That is why I no longer really buy the idea of “easy-believe-ism.” Because belief is hard. In full honesty, I have a hard time believing that God isn’t going to condemn me for my thoughts, words, and deeds (this is not a rhetorical point, I actually struggle with this). I’m just waiting for the other shoe to drop and for a theologian or pastor to come along and tell me faith alone in Jesus is not enough and until I get this or that part of my life cleaned up, I am still on the outside. I don’t have a hard time buying into that. It makes so much more sense to me that I’ve got to do at least a little something to solidify this saving relationship with God. My natural inclination is to doubt that Jesus is enough.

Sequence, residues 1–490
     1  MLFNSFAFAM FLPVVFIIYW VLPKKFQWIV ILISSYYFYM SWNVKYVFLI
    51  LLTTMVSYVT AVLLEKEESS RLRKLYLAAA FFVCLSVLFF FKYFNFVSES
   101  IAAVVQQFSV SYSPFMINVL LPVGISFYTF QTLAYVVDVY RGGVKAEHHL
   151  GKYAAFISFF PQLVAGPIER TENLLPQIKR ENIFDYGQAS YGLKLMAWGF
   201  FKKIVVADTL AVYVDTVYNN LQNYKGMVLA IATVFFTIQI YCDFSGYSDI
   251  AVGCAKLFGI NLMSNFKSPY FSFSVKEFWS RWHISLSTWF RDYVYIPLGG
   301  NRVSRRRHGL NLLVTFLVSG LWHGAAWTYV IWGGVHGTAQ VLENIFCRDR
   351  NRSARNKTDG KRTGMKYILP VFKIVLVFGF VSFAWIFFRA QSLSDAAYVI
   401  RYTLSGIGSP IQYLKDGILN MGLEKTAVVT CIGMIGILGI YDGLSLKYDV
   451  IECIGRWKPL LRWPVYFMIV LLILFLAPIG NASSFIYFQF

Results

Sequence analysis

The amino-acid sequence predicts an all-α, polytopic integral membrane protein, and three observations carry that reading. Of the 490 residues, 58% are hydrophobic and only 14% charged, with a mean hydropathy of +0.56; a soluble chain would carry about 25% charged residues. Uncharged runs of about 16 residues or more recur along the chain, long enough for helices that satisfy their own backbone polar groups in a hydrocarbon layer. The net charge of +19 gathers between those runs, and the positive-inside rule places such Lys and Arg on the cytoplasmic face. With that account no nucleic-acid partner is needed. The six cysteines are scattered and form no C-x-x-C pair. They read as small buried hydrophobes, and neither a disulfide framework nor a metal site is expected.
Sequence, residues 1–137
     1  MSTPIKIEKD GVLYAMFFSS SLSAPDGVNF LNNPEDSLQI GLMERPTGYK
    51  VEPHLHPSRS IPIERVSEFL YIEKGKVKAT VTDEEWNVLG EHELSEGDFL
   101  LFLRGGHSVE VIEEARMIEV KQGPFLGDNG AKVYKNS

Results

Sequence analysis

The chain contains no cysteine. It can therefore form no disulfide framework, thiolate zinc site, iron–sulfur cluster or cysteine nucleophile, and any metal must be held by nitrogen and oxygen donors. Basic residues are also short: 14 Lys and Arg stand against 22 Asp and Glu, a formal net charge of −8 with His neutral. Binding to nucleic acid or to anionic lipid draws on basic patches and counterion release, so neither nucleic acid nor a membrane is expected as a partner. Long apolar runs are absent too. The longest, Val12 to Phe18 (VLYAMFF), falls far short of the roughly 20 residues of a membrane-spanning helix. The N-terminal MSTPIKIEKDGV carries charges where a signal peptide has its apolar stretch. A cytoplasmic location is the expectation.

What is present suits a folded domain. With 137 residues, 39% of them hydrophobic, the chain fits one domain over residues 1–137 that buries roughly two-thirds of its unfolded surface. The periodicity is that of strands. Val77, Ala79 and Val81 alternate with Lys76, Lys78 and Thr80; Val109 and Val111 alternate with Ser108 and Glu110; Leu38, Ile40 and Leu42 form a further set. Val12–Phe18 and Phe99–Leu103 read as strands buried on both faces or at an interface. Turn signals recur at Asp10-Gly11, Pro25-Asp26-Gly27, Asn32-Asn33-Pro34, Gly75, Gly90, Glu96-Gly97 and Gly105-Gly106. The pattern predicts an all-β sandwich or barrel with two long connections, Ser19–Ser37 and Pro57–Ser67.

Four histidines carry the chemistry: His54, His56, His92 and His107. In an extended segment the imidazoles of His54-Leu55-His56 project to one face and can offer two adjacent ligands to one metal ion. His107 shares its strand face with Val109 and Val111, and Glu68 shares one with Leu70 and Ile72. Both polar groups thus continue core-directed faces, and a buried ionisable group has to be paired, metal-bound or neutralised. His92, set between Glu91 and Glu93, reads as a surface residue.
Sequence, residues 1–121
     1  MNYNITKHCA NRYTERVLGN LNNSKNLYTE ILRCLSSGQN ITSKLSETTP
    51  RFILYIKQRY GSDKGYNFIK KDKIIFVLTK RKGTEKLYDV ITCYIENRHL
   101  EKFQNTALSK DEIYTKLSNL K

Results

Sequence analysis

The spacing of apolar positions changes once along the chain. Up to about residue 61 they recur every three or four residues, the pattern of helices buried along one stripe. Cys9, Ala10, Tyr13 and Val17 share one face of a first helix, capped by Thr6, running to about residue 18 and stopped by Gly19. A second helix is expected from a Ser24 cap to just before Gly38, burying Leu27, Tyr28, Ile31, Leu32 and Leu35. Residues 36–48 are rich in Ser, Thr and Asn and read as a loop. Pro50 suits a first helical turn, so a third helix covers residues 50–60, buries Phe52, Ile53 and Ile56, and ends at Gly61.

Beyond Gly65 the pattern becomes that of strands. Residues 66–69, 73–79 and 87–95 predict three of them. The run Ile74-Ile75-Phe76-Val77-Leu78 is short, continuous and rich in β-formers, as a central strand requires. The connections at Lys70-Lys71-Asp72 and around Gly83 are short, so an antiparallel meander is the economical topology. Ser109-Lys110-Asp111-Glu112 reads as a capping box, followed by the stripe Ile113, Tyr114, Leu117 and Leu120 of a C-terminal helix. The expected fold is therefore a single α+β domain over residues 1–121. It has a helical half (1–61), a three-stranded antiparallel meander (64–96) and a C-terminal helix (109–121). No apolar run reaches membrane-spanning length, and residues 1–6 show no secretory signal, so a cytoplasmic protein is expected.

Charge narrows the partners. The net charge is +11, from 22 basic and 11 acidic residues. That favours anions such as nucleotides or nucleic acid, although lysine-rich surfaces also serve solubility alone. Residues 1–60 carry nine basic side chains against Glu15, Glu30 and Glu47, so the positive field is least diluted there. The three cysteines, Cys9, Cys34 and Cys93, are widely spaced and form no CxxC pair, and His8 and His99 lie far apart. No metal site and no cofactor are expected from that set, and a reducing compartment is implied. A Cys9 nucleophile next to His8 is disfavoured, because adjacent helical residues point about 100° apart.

That is why I need a preacher. I need someone to continue to attack my doubt with the Law’s hammer and strengthen my faith with the promises of Christ. I need to hear someone tell me that the bread I’m eating and the wine I’m drinking are the body and blood for me and my forgiveness. I need to be told, again and again, that this is enough because I am ready not to believe it. I think we pastors would do well to remember that faith comes through hearing the Word of Christ, the Word of free forgiveness. We would do well to remember that downplaying that Word, or moving beyond that Word, only reinforces doubt and weakens faith. But the giving of the gracious promises of Christ crush doubt and strengthens faith. By grace alone through faith alone on account of Christ alone? I can’t believe it, so someone better give it to me quickly before someone feeds my doubt!